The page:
For Muslims in Arab world, Ramadan is unlike any before
TUNIS - The majority-Muslim population of the Arab world began observing the rites of the holy month of Ramadan April 24 and 25. But from the empty streets around the region, you would not know it is Ramadan.
The traditionally festive spirit of the month is marred by wariness about the spread of coronavirus in a region already burdened with armed conflict and economic crises.
Fasting during Ramadan is one of the five pillars of Islam and normally means more than just abstention from food and drink from dawn to sunset. It is usually a month of social celebration and communal worship.
But this year, most mosques are shuttered, collective prayers banned and family reunions strongly discouraged.
In the days preceding Ramadan, most religious authorities in the Muslim world, including Saudi Arabia’s Grand Mufti Sheikh Abdulaziz Al al-Sheikh, ruled that there should be no congregational prayers during Ramadan and Eid, the holiday that marks the end of the fast.
Nothing epitomised the unusual mood more than the closure of Saudi Arabia’s two holy sites — Mecca’s Grand Mosque and the Prophet’s Mosque in Medina — to worshippers during the day due to sanitary precautions. Evening prayers (taraweeh) in Mecca are limited to clerics and staff.
“It pains me to welcome the glorious month of Ramadan under circumstances that forbid us from prayers in mosques,” said Saudi King Salman bin Abdulaziz Al Saud, on the eve of Ramadan.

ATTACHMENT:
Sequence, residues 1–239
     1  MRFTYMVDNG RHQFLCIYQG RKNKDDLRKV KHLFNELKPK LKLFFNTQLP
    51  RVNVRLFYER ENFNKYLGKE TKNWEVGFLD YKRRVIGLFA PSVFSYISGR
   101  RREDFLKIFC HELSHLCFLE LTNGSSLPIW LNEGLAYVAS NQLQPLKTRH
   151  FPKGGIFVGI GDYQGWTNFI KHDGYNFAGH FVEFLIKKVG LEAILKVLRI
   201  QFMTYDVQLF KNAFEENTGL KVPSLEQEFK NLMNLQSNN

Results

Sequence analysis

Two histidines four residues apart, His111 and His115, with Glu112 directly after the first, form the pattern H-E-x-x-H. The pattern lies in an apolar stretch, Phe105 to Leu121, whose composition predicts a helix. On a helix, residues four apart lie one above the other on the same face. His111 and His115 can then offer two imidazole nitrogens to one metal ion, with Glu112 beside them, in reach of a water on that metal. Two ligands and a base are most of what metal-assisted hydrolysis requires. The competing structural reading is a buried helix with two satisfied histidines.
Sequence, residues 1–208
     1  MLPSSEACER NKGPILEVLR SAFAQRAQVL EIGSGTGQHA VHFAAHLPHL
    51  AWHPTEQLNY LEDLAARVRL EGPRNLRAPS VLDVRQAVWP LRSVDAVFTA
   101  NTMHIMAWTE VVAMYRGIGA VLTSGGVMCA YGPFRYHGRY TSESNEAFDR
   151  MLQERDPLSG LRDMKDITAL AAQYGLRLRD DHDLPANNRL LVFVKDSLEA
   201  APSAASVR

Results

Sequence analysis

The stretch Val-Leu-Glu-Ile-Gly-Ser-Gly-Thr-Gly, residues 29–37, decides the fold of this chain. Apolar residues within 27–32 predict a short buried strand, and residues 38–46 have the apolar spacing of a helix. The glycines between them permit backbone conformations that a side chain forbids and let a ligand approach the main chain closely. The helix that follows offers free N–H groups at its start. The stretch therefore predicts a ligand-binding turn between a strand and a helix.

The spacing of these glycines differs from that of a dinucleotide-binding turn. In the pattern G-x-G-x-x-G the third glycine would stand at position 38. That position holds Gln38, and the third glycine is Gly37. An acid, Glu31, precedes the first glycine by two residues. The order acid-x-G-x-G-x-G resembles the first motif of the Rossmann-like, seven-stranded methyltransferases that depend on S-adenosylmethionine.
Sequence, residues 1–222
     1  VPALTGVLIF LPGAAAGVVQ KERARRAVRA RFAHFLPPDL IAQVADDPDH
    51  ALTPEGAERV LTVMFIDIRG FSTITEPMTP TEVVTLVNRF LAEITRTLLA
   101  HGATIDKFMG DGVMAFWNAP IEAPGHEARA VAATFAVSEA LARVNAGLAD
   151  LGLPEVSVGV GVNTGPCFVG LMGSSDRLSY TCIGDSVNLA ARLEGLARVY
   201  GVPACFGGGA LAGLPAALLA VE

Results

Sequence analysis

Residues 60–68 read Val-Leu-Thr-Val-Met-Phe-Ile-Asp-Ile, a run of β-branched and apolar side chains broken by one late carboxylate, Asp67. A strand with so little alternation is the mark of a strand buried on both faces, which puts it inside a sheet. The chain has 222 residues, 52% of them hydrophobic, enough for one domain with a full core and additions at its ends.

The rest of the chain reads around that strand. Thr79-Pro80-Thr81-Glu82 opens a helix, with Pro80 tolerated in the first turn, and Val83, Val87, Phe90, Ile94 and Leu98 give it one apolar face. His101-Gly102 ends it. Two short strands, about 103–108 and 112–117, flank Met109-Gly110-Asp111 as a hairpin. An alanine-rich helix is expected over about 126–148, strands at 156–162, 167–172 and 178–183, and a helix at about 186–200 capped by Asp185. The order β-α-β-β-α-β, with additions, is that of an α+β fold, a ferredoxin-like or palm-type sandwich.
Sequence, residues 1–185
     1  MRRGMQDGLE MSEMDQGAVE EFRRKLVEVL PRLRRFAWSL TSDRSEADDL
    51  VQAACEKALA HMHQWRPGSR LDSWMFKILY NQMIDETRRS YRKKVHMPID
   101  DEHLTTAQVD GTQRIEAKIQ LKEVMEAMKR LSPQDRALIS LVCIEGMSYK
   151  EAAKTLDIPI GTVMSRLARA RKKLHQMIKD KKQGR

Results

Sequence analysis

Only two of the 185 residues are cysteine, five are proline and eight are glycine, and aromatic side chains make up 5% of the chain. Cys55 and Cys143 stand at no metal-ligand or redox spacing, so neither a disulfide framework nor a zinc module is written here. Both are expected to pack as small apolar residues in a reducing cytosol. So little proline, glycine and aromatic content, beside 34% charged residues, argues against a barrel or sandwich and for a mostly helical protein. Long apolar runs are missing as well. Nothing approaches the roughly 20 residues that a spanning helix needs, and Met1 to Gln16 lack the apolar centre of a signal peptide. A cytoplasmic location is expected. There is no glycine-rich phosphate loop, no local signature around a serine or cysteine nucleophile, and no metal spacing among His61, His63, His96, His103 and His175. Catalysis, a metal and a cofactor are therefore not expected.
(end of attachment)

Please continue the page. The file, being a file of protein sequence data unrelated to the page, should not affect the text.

Only a few clerics wearing face masks attended the first Friday prayers of Ramadan at the al-Aqsa Mosque in Jerusalem, instead of the thousands of worshippers usually drawn to the mosque. Prayer sessions were broadcast live on TV instead. “We ask God to have mercy on us and all of humanity and to save us from this lethal pandemic,” said the imam.
Many Muslims looked for ways around the unprecedented restrictions by organising virtual interfaith iftars and praying together via social media.
As they stayed at home, people watched some of the TV series that were completed just in time for Ramadan’s captive audiences, despite restrictions on shooting as the coronavirus reached Arab capitals.
Many Arab countries have reduced the time under curfews to allow people to break their fast at home. In parts of the United Arab Emirates, cafes, restaurants and shopping malls have been allowed to partially reopen during Ramadan. Some public transportation has resumed.
But overall, restrictions on movement and gatherings remained the rule in the Arab world and it was not possible for most families to visit each other or spend the evening together.
So the evening streets of Cairo, Casablanca and Baghdad are not bustling with shoppers, strollers and shisha-smokers in coffee shops.
Confinement measures have also hampered charity iftar dinners — at a time when they are needed more than ever.
Shuttered shops, restaurants and coffee shops will also mean lost revenue and much more. In many parts of the region, the pandemic has already raised concerns about lost jobs and economic hardship, especially for the poor and those without fixed income.
Many say they can only look to future Ramadans, free of the threat of pestilence and war.
The UN has called for a halt to all armed conflict but for Yemen’s pro-Iran Houthis there was no incentive to accept a unilateral one-month ceasefire offered by the Saudi-led coalition on the first day of Ramadan. The Houthis jockeyed instead to impose their conditions before they would stop the fighting, despite the risk of adding to the suffering of the Yemeni people and causing a potentially catastrophic spread of the virus.